Legislation could suspend lead paint rule
WASHINGTON — The Renovation, Repair and Painting (RRP) rule could be suspended by legislation introduced in the U.S. House of Representatives if the U.S. Environmental Protection Agency (EPA) cannot approve a commercially available lead test kit that meets the rule''s "false negative" and "false positive" criteria, according to a press release.
The bill, H.R. 5911, introduced by Representative John Sullivan, R-Oklahoma, is designed to hold the EPA "accountable for their failure to produce viable test kits to meet their own regulatory mandates," the release stated.
According to the release, there are currently two products available nationally that can "reliably determine that regulated lead-based paint is not present on wood," but neither complies with both the RRP rule''s negative and positive response criteria of no more than five percent false negatives and no more than 10 percent false positives, each with 95 percent confidence.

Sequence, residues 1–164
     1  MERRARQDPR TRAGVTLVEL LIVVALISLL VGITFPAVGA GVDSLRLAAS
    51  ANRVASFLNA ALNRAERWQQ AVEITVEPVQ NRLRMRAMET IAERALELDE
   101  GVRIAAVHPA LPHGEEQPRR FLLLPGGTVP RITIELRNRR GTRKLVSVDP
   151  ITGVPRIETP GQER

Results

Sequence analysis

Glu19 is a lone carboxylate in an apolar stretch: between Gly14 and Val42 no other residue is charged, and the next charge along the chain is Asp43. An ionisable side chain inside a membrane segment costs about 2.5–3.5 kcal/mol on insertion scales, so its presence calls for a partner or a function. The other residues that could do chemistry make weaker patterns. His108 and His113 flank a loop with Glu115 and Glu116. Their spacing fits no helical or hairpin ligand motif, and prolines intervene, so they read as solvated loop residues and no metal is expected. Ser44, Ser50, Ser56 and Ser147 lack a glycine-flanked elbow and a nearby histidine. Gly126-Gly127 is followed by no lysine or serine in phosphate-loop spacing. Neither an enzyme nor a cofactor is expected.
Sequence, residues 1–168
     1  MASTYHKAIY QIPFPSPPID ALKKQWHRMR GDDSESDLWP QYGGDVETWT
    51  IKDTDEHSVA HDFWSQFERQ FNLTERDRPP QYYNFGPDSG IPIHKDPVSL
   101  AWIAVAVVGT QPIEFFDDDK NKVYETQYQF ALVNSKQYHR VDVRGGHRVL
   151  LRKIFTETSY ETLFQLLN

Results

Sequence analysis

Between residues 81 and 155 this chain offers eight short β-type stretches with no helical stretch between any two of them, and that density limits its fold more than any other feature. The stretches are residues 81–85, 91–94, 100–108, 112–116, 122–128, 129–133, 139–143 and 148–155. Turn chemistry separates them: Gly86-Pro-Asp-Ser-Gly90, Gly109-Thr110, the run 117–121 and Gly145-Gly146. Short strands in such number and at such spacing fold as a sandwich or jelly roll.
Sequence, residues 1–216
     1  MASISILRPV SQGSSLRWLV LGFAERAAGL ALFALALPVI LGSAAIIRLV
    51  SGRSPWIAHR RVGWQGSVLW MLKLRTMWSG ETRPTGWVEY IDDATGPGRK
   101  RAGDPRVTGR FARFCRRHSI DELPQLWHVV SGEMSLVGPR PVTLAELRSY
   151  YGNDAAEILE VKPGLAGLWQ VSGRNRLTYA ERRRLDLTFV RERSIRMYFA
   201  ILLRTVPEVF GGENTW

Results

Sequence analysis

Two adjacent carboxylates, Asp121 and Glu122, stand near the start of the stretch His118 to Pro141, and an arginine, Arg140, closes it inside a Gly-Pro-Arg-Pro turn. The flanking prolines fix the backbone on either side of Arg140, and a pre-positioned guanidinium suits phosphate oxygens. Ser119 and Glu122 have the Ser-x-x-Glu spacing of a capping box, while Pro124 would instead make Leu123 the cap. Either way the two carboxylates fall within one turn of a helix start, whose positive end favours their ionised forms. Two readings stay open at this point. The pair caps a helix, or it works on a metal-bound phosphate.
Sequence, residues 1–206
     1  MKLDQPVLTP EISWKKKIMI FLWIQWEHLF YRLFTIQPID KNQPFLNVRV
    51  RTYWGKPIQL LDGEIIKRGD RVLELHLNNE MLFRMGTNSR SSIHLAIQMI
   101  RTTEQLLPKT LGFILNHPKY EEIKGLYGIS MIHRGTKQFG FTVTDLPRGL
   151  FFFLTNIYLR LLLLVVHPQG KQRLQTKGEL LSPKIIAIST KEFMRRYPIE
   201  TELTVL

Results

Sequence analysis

The bill would reduce paperwork-related fines, eliminate the requirement for hands-on recertification and prohibit the agency from expanding the rule to cover commercial and public buildings until the EPA conducts a study for it, the release noted.
Click here to read the complete release.